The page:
Investigation of the F23 mass rebuild
ajax at redhat.com
Thu Jul 2 17:47:11 UTC 2015
On Thu, 2015-07-02 at 11:09 -0400, Matthew Miller wrote:
> On Thu, Jul 02, 2015 at 10:49:37AM -0400, Adam Jackson wrote:
> > Beyond that, the fact that we have such blatant packaging errors, and
> > that nearly 4% of our binary packages haven't rebuilt in F23, is quite
> > worrisome.
> I agree. What can and should we do about it?
Good question. I'm not entirely sure, but I have opinions.
The binaries-in-/usr/share/doc thing is the sort of clearly obviously
wrong thing that, ideally, would get your build rejected. I would have
hoped AutoQA or similar would be sufficiently potent for this by now.
The longstanding FTBFS thing is harder. In principle we do actually
retire things that haven't built for multiple releases; in practice,
things apparently get missed. pathfinder logiweb and python-rpi-gpio,
for example, were all on the chopping block for F21:
Though all mysteriously disappeared from the final warning:
I don't see anything in any related thread to indicate they were
repaired, so, who knows. They're all still present in F23, all not
successfully rebuilt since F19.
Apparently for F22 we only retired packages with broken dependencies,
and didn't consider long-term FTBFS:
I'm not sure that was intentional. We should be consistent.
People were notified of the F23 mass rebuild failures, in a sense:
If I'd seen that, I might have clicked through. If I'd seen the list in
the email itself - like in the retirement notices above - I'd have been
more likely to read the results.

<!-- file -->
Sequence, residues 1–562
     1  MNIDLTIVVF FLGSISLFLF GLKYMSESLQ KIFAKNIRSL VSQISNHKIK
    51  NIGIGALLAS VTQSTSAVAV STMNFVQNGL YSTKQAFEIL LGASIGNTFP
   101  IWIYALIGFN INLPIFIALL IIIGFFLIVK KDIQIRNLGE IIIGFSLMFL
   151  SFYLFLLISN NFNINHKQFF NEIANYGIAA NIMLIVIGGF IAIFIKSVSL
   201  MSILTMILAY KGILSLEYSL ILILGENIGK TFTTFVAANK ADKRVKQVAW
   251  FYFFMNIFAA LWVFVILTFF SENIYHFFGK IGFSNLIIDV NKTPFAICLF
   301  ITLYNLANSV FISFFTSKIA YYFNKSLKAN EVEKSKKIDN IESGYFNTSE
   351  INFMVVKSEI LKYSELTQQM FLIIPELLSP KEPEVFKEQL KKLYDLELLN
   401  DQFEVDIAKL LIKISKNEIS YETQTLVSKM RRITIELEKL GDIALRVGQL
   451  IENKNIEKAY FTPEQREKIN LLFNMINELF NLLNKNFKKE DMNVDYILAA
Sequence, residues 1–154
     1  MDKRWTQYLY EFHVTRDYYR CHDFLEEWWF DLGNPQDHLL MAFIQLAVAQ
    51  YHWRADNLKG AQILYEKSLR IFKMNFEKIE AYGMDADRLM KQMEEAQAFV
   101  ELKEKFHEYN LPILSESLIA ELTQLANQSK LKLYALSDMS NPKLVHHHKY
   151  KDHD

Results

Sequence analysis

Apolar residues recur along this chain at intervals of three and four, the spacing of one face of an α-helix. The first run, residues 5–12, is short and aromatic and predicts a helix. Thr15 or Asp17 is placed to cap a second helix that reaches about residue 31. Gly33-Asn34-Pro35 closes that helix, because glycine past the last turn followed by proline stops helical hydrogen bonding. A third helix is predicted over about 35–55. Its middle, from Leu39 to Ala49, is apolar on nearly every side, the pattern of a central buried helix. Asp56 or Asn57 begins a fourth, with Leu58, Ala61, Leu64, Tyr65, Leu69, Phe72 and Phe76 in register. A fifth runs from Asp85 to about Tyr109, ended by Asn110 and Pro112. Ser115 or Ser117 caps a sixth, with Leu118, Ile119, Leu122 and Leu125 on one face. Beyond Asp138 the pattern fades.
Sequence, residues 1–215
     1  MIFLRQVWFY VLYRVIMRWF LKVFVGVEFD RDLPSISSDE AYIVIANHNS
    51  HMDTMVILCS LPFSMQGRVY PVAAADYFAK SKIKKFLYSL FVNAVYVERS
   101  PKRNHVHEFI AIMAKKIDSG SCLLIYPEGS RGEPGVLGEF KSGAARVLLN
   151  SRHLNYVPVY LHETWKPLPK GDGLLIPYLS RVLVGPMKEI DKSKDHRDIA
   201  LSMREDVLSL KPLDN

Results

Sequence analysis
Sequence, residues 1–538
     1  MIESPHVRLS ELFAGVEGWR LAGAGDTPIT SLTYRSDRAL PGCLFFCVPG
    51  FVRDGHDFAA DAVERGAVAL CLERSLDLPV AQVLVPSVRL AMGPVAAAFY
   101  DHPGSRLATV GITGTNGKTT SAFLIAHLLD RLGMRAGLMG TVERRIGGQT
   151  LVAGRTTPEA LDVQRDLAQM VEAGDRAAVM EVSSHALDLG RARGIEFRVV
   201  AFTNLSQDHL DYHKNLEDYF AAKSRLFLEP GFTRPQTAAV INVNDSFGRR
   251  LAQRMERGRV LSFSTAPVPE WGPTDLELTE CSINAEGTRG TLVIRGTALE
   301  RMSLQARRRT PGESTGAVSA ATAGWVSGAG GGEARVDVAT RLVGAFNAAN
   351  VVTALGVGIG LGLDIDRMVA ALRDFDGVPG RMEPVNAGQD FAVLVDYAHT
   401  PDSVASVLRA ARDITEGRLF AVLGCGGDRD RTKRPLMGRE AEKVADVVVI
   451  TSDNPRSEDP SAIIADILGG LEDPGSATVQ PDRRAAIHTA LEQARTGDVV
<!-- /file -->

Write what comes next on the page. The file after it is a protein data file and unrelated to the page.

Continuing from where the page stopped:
Common to all of this is a certain reactive posture. There's not a
dashboard view of "sick packages". Which could be useful along a number
of axes, really. How far behind is a package relative to its upstream's
releases? For a given sick package, how many packages depend on it?
How idle has pkg git been relative to the incoming bug rate for a
package? The data exists, but we're not looking at it. Obviously not
all metrics are going to be comparable across packages, maybe for the
kernel we want more of a moving average than a raw counter.
It's also worth remembering that the more developers we have, the fewer
are generalists. Clearly we don't have someone routinely inspecting
packages to ensure CFLAGS is set properly, for example. More to the
point, when we do have systemic issues, we don't have people able or
willing to dive into arbitrary packages and fix them, and we certainly
don't have anyone _tasked_ with that.
When we do make systemwide changes like this, we don't have known points
of contact for the resulting bugs, or we don't communicate them well.
The gnutls spec, for example, claims to support building with the
hardened flags in the changelog, but also says this just before %
# this overrides the -znow from hardened builds.
I mean, yes, it's honest, that does in fact override -z now. It also
_completely defeats the purpose_ of the hardened flags. A proper fix
could have been to apply that workaround only to the guile modules that
(apparently) need it. But who would the maintainer have asked for
advice about that? In some sense the answer is fesco, who approved the
change and know who is involved with it, but well, I'm on fesco, and
this never came up there. (The hardening change did, the gnutls thing
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